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Speeches

L. Samaniego: International Cooperation for Development

Address to the Americas Summit

Washington, DC, and College Station, Texas, April 29 - May 1, 2008

In comparison with other parts of the world, Latin America seems to be one of the most peaceful regions on the planet. This perception contrasts, however, with the fact that it is one of the areas with the greatest gap in the distribution of wealth, poverty, and exclusion. The expectations generated by the democratic process that took place in the 1980s have not brought about substantial change in these situations of social exclusion and in consolidating the institutions that would allow citizens to deepen the full exercise of their rights.

Along with this, a combination of economic, social and political factors contribute to increasing the sociopolitical tensions in a context in which the institutions and political systems in themselves seem unable, in many cases, to find the best way to generate democratic governance and stability.

In this way, in Latin America the concerns about an eventual warlike confrontation among nations has been displaced by a growing attention to the increase of internal conflicts. Such a situation surrounds the danger that internal crises will result in conflicts on a regional scale. Without a doubt, a regional escalation of conflict would be a considerable backward step in the possibilities for driving economic growth and development on the American continent.

As a consequence, the region will only be able to resume the path toward peace if it is able to give its societies an economic growth accompanied by genuine human development. It is not possible to continue economic growth unless it is accompanied by a concrete improvement in the quality of life of Latin Americans. We cannot have a rich region whose citizens are poor. Inequality generates violence, and violence is the worst cancer that can afflict our societies.

In this regard, the best way to achieve sustainable development in our countries is through international cooperation. This collaboration should include the countries of Latin America themselves along with our North American neighbors and our European friends, with whom we are united by profound historical and cultural ties. Only through the joint efforts of South Americans, Central Americans, North Americans, and Europeans will the region achieve a sustainable economic growth over time.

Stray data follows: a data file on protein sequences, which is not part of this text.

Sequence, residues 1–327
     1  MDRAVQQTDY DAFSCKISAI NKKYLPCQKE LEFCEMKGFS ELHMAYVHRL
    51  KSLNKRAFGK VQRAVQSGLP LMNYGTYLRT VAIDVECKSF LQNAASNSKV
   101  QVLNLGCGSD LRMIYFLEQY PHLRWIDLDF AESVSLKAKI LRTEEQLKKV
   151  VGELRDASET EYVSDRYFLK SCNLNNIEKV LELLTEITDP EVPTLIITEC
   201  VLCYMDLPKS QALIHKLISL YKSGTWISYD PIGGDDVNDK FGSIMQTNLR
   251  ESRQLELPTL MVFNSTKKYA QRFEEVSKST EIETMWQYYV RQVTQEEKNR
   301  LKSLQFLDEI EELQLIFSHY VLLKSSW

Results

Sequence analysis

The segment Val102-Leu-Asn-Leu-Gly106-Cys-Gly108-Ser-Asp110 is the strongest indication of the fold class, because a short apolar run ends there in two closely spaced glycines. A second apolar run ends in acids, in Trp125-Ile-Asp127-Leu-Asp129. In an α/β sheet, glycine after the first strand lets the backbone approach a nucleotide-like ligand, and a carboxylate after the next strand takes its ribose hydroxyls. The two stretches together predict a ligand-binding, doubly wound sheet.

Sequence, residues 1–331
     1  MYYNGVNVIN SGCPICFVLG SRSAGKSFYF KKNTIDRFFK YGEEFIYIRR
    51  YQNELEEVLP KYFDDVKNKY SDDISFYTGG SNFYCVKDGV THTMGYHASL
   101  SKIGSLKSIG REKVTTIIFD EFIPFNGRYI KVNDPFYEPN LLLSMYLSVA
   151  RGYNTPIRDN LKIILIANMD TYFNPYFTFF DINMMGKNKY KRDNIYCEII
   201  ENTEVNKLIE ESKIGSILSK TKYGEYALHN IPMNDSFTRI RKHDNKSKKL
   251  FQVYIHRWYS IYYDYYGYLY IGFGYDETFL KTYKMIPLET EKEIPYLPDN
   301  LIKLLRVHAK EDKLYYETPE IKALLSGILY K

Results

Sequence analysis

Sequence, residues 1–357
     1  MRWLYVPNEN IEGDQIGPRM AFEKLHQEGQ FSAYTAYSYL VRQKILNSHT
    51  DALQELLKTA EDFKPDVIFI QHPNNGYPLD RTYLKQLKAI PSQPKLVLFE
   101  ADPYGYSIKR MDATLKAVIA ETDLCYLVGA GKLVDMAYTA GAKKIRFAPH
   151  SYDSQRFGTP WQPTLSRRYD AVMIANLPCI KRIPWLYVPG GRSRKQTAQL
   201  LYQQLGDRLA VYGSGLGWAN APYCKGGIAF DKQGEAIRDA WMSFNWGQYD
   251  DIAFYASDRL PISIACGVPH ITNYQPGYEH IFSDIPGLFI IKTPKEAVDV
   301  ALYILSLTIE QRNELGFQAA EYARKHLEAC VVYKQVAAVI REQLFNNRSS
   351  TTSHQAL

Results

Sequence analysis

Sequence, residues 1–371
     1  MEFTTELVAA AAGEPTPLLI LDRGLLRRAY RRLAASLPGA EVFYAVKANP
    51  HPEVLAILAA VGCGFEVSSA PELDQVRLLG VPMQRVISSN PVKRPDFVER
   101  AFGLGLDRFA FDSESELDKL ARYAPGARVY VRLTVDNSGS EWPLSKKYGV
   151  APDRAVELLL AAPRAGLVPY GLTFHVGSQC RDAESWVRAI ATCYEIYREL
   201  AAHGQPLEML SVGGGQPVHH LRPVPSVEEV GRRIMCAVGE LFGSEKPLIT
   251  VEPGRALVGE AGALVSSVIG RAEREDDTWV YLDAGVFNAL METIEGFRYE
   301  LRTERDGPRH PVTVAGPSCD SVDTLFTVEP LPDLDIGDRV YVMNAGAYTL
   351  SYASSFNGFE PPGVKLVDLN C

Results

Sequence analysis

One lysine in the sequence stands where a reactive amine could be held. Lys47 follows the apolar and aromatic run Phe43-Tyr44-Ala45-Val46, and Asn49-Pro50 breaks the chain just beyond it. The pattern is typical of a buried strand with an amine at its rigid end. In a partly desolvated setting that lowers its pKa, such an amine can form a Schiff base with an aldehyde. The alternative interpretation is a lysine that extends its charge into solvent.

In every case, the objective of the cooperation should be to promote human, economic, social, and political development while caring for the environment of the countries. To achieve this, our countries should establish bonds to:

  • Provide decent living conditions for all the citizens of the region by meeting the basic needs of the population.
  • Generate economic growth accompanied by genuine human development.
  • Attract foreign investment as a mechanism for long-term growth.
  • Defend and promote respect for human rights.
  • Favor equal integration of women, by defending their rights to participate in all aspects of life in the nation.
  • Defend democracy and citizen participation in politics.
  • Guarantee transparency in the institutions of government.
  • Promote education as a transcendent tool for sustainable development.
  • Stimulate scientific and technological cooperation as a strategic instrument for achieving an international position.
  • Set up dialogue as the mechanism for peaceful resolution of conflicts.

Thus, it is necessary to promote communication among governments, parliaments, and governmental and intergovernmental organizations on the national and international levels. For each of these, cooperative networks need to be built to achieve a pluralist, multi-ethnic and multicultural focus that includes women and youth in creating human development programs. The mission of these networks should be to promote both sustainable economic growth initiatives as well as programs that recognize peace as an inviolable public good.

The 21st century finds Latin America at a crossroads. The countries of the region can opt for isolationism and the quest for autocracy, seeking to protect themselves from the external world which is constantly changing. Nevertheless, such a posture will only bring increasing poverty and exclusion to nations that are already suffering from the blows of hunger and misery.

On the other hand, Latin Americans can recognize that cooperation among nations is the best way to confront uncertainties. This does not mean, as some may argue, giving up sovereignty and the disequilibriums that characterize the current phase of globalization. Union does not weaken our people but rather makes them stronger.

Nevertheless, our countries should take into account that international cooperation cannot be a product of improvisation. In order to build solid ties with other nations, our governments should acknowledge collaboration as state policy. Uncoordinated accords bring poor results. Since governments and intergovernmental organizations generally have situational, short-term vision, Latin American countries should design strategies that employ a structural approach to problems and a long-term vision.

Sustainable human development envelops the seed of peace and prosperity in Latin America. Upon its correct instrumentation depends the viable growth of our people.